Human beings long to be known. Psalm 139 begins with the declarative sentence, “O Lord, you have searched me and known me.” The statements that follow support that conclusion. The psalmist knows that the Holy One knows them. It is an awesome realization. “Such knowledge is too wonderful for me,” they assert as if wondering how to respond to being known so well. They continue with their evidence of God’s knowing. The words of the psalm contain awe, praise, and assurance. The poetic form provides the only appropriate outlet to express this incredible revelation.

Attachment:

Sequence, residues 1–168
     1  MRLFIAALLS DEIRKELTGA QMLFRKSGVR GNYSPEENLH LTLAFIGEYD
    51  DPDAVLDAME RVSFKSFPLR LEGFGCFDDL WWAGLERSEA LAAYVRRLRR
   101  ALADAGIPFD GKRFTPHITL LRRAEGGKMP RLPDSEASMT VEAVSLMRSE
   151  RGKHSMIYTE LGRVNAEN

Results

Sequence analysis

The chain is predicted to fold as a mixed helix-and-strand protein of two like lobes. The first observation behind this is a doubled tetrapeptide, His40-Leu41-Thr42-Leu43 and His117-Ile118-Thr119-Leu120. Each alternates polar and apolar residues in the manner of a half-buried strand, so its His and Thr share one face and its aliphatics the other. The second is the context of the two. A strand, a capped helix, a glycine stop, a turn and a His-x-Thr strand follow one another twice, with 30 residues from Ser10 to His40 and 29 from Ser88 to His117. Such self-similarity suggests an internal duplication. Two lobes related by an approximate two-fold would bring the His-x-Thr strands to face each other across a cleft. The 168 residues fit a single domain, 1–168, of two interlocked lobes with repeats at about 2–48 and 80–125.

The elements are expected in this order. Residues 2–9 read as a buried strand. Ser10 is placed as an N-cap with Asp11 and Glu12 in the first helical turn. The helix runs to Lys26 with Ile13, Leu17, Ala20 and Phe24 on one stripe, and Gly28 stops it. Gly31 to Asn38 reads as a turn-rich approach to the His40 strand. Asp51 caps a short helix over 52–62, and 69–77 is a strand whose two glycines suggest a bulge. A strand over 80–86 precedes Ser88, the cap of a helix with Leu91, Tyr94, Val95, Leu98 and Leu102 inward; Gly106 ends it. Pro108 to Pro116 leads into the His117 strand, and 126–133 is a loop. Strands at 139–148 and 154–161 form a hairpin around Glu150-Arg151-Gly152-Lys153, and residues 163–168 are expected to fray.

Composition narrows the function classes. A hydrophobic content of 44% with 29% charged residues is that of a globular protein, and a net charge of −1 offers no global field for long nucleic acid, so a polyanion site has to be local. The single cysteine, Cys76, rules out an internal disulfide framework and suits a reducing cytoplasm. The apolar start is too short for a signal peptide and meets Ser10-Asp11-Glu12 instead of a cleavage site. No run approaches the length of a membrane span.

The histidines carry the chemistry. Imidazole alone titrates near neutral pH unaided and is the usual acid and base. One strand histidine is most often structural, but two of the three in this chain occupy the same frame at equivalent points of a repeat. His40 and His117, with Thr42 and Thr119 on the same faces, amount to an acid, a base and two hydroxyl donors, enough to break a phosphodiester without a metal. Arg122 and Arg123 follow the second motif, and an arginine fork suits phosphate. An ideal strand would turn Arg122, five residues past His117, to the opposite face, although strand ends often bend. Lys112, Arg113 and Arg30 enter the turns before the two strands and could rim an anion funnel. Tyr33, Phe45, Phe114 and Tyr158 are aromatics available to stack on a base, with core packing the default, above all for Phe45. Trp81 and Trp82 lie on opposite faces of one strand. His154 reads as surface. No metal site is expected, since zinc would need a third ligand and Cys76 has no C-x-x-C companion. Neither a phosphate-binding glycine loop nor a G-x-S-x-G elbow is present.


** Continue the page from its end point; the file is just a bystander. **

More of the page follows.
The Psalms are a dynamic collection which voice human exploration and response to God and the world. They strikingly demonstrate how revelation, relationship, and response can be written in and expressed through bodies; bodies which stand for the person in toto: “the persons in the Psalms do not so much have a body, they rather are a body.” Body language, including sensory language, characterizes the poetry of the Psalms; corporeal vocabulary, awareness of embodiment, and somatic metaphors abound. This rhetoric draws people in through reference to common experience and uses somatic language to express thoughts and emotions which often escape conceptualisation, such as confusion, fear, and protection. In Psalm 139, somatic language is used to emphasize that the Psalmist cannot escape God’s knowledge and power, and to state that understanding God’s knowledge is beyond humans. The Psalmist’s movement highlights God’s presence, and the Psalmist’s experience of pressure and touch highlights God’s protection. Sensory awareness establishes the relationship between creator and created, between the protector and protected. Creation and protection are imagined and communicated through the Psalmist’s senses, but imagination and experience do not lead to knowledge.